by Sid Ryan
September 5 marked the annual Labour Day parade in many Canadian cities. And just after Labour Day, the federal NDP’s leadership campaign ramped up. It’s time Labour and the NDP had a frank talk.
The NDP, formed in 1961, resulted from a merger between the Cooperative Commonwealth Federation (CCF) and the Canadian Labour Congress (CLC).
The CCF was based on a solid foundation of opposition to the capitalist system, and vowed to replace it with “a planned economy.” The CCF called for the nationalization of key industries, such as transportation and electric power. Interestingly, 83 years later, Jeremy Corbyn, Labour Party leader in the United Kingdom, urges the nationalization of Britain’s railway and energy systems, which polls show is wildly popular with voters. South of the border, U.S. Senator Bernie Sanders, a self-described “Democratic Socialist,” stormed the presidential primaries with his vocal opposition to “free trade agreements” and “Wall Street bailouts.” It appears Socialism is making a comeback.
But in Canada, today’s NDP has strayed far from its socialist roots, harbouring the false notion that electoral Nirvana lies within the confines of Canada’s political mushy middle.
While some union leaders criticize the NDP’s drift to the centre, most labour bodies are in no position to point fingers. Why? Because they advised their members to vote “strategically” for Liberals, thus contributing to the rightward shift. The Liberals are masters at playing union leaders during election campaigns. The Liberal Party has co-opted most of the big unions in Ontario with its “strategic voting” siren song. Fewer than six of the 54 unions affiliated to the Ontario Federation of Labour openly and exclusively support the NDP. The majority play on both sides of the street. Last October, the CLC’s election campaign, titled “Better Choice,” provided cover for unions urging a vote for Liberal candidates while remaining in the loose framework of the Congress’s cross-country effort.
Unions are struggling today to expand beyond their aging membership. But some have alienated young workers by negotiating two-tier pension plans and wage rates, allowing bosses to pay new and younger workers less than senior employees. Skilfully, employers have made unions an accomplice in the infernal process of short-changing the next generation of workers.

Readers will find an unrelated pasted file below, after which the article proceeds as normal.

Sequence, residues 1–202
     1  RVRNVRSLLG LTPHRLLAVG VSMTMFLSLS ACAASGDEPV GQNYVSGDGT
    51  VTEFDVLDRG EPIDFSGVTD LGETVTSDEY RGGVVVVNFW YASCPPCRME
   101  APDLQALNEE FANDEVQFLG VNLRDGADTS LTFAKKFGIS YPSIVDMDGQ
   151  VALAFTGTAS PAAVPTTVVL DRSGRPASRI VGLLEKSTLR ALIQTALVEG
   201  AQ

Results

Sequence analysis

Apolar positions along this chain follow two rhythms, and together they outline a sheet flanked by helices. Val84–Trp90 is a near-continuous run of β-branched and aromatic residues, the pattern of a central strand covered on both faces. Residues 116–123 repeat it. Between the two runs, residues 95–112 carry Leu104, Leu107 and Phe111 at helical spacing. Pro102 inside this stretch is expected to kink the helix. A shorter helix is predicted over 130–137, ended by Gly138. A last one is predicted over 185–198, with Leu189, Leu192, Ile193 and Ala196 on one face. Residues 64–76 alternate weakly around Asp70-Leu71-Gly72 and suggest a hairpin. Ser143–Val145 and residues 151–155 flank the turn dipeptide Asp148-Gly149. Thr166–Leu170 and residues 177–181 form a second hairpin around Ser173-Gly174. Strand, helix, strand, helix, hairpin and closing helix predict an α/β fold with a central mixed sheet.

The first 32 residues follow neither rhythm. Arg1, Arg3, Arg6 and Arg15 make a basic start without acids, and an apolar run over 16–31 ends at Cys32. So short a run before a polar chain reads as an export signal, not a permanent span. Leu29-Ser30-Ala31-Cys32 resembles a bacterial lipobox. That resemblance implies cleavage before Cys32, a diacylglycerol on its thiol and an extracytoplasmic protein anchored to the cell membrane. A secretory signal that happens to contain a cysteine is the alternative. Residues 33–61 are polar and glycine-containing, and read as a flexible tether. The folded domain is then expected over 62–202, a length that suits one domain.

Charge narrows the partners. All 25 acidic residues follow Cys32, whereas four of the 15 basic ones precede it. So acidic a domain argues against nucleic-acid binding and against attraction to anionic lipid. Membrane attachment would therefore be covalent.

Labour and NDP ranks need to have a serious internal discussion about what they stand for. Unions cannot continue to straddle two horses and simultaneously try to build strong opposition to austerity and its consequences: growing inequality, bad trade deals, diminishing workers’ rights and the downward spiral of two-tier wage and pension plans. There is no question that many unions helped elect a majority Liberal federal government. Now those Liberals they helped to elect are about to sign the CETA trade deal, a devastating blow to workers rights and union jobs.
Similarly, the NDP cannot expect to regain the support of 3.2 million unionized workers and their families when it presents to the electorate the straitjacket of a “balanced budget” in times of austerity; when it proffers a universal childcare program that would take nine years to implement; when it espouses lukewarm opposition to so-called free trade agreements and meek policies on the Middle East.
On the key issue of climate change, the NDP ought to embrace the principles of the Leap Manifesto and put foremost the retraining of displaced workers for a new, green energy economy.
The NDP and Labour should look to the positive aspects of the Jeremy Corbyn and Bernie Sanders campaigns. Find a way to connect with young voters in Canada. The NDP leadership campaign will kick into high gear following Labour Day and offers a golden opportunity to find that spark to ignite Canada’s own political and social revolution.
Sid Ryan is a former president of the Ontario Federation of Labour and was a candidate for the NDP in three provincial and two federal elections.
The article above first appeared in the Ottawa Citizen on September 2, 2016.